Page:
Since he was selected in the first round of the 2008 NFL draft by the Arizona Cardinals, cornerback Dominique Rodgers-Cromartie has had a pro football career full of some fairly epic highs, but also enough frustrating lapses in consistency to make some wonder if he'd ever realize his amazing physical potential. In his three seasons with the Arizona Cardinals, he picked off 13 passes and returned four of those interceptions for touchdowns. Before the 2011 season, he was sent to the Philadelphia Eagles in the disastrous Kevin Kolb trade (which got as many people fired as any trade in NFL history). And in two seasons in Philly, under some very strange schematic conditions, he logged just three interceptions, saw his playing time go down at first (though he led all Philly pass defenders in snaps in 2012), and disappeared from the A-list.
In March, Rodgers-Cromartie signed a two-year, $10 million contract with $5 million guaranteed with the Denver Broncos — an undeniably great team with a few issues in their secondary. One of the things that appealed to Rodgers-Cromartie about the Broncos — which may surprise those who have labeled him a chronic underachiever — was that Denver's coaches were so frank in their evaluations of his overall play.
"They told me about my flaws," Rodgers-Cromartie told the Bradenton Herald near the end of the three-day basketball camp he was holding for kids in Florida. "Nobody had done that, and it impressed me. They told me what I needed to work and how they would get me better instead of telling me about what I could do."
And to his credit, Rodgers-Cromartie found that attractive right away because it didn't take long for Denver's coaching staff to tell him just what was up. “When I came in, the one thing that stood out when talking to everybody, they didn’t really just talk about what I can do as a player, they pointed out my flaws and told me how they can help me get better," Rodgers-Cromartie said at the press conference announcing his signing. "Just the guys they’ve got here, the coaching staff, I really bought into the system, to be honest.”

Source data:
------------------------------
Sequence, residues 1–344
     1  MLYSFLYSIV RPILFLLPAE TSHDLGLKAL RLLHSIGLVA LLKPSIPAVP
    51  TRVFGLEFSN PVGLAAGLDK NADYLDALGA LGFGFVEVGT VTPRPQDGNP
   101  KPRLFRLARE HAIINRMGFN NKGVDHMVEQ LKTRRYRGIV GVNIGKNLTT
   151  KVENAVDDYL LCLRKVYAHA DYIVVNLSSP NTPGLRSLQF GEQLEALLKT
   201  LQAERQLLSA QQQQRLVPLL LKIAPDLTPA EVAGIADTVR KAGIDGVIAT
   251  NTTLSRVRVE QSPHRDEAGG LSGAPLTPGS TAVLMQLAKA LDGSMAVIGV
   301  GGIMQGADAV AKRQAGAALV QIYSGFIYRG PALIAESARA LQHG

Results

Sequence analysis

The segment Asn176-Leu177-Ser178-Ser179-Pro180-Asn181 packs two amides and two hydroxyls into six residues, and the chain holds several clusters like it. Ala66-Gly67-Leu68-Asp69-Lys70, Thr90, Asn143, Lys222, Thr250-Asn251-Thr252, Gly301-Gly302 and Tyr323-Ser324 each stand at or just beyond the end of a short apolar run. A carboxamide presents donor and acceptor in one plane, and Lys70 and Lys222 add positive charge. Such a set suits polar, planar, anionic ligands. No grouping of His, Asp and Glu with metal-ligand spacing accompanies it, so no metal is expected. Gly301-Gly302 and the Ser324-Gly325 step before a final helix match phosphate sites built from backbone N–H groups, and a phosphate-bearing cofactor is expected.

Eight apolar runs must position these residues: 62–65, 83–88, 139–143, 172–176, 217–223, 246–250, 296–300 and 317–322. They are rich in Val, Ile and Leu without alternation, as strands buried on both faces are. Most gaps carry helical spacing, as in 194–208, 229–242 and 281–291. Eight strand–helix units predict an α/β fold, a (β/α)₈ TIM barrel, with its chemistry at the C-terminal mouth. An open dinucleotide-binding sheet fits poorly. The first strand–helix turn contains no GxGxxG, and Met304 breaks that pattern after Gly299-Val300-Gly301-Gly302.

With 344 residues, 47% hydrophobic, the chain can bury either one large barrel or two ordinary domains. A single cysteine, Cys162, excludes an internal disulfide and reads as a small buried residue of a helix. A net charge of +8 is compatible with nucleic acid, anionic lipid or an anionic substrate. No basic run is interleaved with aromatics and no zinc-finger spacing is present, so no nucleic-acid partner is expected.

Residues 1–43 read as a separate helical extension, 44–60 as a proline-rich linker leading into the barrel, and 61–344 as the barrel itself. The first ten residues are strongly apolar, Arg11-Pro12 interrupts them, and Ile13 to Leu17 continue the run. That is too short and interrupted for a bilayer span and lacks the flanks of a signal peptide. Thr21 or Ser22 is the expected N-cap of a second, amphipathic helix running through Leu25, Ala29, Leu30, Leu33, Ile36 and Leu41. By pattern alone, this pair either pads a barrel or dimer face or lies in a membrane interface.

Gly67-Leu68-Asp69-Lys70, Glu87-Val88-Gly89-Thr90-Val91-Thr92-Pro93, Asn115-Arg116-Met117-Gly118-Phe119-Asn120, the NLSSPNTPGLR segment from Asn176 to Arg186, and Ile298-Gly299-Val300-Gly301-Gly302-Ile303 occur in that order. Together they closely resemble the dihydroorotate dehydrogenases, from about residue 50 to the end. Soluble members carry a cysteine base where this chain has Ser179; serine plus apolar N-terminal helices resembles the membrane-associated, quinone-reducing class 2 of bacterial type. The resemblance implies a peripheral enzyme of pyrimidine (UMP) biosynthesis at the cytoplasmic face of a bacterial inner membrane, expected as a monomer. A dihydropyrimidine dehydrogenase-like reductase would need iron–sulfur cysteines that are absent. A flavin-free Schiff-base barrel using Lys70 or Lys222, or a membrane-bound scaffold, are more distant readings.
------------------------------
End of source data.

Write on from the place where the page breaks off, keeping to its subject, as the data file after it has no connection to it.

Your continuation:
What's not so impressive if it's true is that nobody had ever sat Rodgers-Cromartie down and told him where he could improve. Seems to be a Coaching 101 prerequisite, but for whatever reason, that's either what happened, or what Rodgers-Cromartie took away from it. Now, however, he's in a place where he knows what's expected, and that can often be the lift-off point for players with great athletic talent but middling football instincts.
"There’s no question that DRC has great ability," Broncos head coach John Fox said at the owners meetings a few days after the deal was made. "It’s our job to get the most of it out of him, just like anybody that had him before. We’ll see how that goes, how hard he’s willing to work and adapt to what we’re teaching him.”
It also helps that Rodgers-Cromartie got an ultimate mentor in all-time great cornerback Champ Bailey. The 14-year veteran was exposed in coverage when the Broncos lost to the Baltimore Ravens, but he had a good season overall, and he's forgotten more about pass coverage than most cornerbacks will ever know. He's ready and willing to take Rodgers-Cromartie under his wing, and that could be the X-factor.
“We got another good player," Bailey said of his new teammate in April. "He can help us win games. I know what he’s capable of in talking to some of his old coaches and teammates. The guy is a special talent. So I look for him to do good things here.”
Fox likes what he's seen so far.
“I [evaluated] him coming out [of college]," Fox concluded in June. "He’s a tremendous athlete. He’s on his third team now with Arizona and Philly being the prior teams. But he’s got tremendous ability and I’ve really liked what I’ve seen from him so far both on and off the field ... I think with everybody, it takes time. It’s a very competitive game played by competitive people. I can only speak for what little time we’ve had him here at the Broncos, but I like the way he’s hungry and I like the way he’s gone about his business.”
And maybe that's all it takes. A new and better scheme, with veteran help, and coaches who will tell him what he needs to do in order to get better, could unleash one of the more intriguing pass defenders in the NFL.
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